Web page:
Commentary

Coombs-McDaniel, Scott go toe-to-toe at Boston shootout

Originally Published: June 11, 2008
By Antonio Williams | Scouts Inc.

BOSTON -- The 2008 Boston Shootout featured eight good teams from the northeastern region of the country. In a traditional Boston versus New York battle, host team BABC played against the New York Gauchos in the event's championship game. BABC, led by 6-6 SF Jamal Coombs-McDaniel (Tilton, N.H.), outlasted the Gauchos for the win in a super-competitive game that featured very spirited displays of gamesmanship between Coombs-McDaniel and the Gauchos' 6-4 combo-guard Durand Scott (New York). Both players went at each other verbally and physically throughout the game.

Standout and Surprise Players

Jamal Coombs-McDaniel, SF (6-6, 195)
Class of 2009, Tilton, N.H./Tilton School
Coombs-McDaniel often plays as a point forward for BABC due in large part to his high basketball IQ and leadership qualities. He leads through example as well as verbally, often providing his team with a lift through encouragement. Coombs-McDaniel also communicates very well on the defensive end, a very important aspect of the game especially when a guard plays tough defense and needs a teammate to alert him of a screen.

When Coombs-McDaniel has the ball in his hands, he aggressively attacks the rim and does a great job of drawing contact, which results in a number of foul shots. He also has the strength to absorb contact in the paint and still finish. He has good body control and adjusts in the air and still finishes, but his body control can also hinder him at times. Coombs-McDaniel has a tendency to adjust too much in the air by double pumping, making him smaller instead of using his strength to go right through defenders for the finish. Adjusting too much also increases the level of difficulty on the shot for him.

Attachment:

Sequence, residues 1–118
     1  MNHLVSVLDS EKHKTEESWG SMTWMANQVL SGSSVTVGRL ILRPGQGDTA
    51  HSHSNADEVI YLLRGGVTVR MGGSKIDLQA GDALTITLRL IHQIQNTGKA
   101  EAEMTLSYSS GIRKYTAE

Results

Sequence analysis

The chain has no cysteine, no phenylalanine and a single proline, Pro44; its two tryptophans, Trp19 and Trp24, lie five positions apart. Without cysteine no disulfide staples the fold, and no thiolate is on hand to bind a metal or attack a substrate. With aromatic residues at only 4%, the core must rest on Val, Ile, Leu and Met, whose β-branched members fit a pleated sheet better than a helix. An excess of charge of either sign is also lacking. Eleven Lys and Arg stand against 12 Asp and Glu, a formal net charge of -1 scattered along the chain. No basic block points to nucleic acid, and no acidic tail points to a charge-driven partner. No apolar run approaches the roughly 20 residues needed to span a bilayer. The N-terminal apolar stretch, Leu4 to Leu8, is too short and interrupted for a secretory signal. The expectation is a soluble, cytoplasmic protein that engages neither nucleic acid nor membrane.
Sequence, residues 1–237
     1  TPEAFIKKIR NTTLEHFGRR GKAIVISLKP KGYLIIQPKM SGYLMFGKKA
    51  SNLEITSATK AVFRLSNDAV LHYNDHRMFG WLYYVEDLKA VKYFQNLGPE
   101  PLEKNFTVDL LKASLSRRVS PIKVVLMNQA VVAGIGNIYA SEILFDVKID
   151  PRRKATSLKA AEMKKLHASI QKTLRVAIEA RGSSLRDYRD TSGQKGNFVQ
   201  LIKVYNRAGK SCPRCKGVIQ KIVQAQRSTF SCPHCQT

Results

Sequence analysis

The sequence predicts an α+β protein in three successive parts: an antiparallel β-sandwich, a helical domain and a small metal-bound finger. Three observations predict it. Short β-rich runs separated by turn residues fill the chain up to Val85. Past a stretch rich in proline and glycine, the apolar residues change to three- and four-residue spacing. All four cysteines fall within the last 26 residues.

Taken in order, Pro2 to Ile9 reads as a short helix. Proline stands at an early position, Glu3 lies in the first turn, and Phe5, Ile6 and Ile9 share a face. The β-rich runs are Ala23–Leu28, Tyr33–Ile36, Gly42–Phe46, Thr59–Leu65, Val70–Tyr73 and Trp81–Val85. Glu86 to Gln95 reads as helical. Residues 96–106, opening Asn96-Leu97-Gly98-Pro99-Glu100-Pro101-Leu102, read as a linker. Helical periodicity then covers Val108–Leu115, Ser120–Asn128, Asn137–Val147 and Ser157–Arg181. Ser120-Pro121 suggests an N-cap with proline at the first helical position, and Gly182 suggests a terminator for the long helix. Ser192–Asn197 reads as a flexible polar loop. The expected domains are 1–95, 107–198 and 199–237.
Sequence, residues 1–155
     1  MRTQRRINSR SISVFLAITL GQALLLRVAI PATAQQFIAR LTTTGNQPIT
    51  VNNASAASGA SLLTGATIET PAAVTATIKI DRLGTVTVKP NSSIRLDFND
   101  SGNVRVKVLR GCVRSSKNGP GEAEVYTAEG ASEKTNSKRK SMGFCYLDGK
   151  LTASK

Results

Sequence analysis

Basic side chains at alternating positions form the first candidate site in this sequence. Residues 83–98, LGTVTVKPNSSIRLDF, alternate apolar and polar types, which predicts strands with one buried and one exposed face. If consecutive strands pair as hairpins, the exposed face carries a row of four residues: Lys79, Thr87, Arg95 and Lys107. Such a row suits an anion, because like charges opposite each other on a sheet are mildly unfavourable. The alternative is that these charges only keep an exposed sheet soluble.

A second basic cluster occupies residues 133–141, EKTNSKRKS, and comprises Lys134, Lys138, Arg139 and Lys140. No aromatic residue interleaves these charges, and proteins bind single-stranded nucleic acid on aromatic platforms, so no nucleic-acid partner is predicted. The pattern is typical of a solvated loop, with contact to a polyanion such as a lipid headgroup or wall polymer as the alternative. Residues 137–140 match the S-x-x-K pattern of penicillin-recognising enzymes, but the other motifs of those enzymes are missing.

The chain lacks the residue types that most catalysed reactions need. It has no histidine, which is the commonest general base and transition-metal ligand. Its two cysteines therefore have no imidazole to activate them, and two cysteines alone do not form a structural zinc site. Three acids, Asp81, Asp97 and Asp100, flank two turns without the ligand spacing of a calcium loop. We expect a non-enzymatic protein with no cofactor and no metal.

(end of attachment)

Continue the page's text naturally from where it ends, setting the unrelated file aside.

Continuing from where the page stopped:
He's improved his perimeter shot, though he has a tendency to shoot a flat jumper on his misses. He also gives good effort on the defensive side of the ball despite the fact he does not have explosive athleticism and quicker offensive players can cause trouble for him. Coombs-McDaniel seems to make winning plays at the right time, whether it's the correct pass, a timely steal or rebound or a big basket.

Durand Scott
AP Photo/Tim RoskeRice High School star Durand Scott can score in bunches when he heats up.
Durand Scott, SF (6-4, 175)
2009, New York/Rice
At this point of his career, Scott ranks as a streaky shooter, but he has the ability to erupt for points in bunches. He has a very quick first step, good length and changes speeds very well to get his opponents off balance, all which makes him a terror to guard off the dribble. Scott loves to get shots off in the midrange and can hurt opposing defenses with an assortment of floaters and running one-handers. He really understands how to use angles to beat his opponents and also uses his size well on smaller defenders. He also can connect on the midrange, pull-up jumper off the dribble.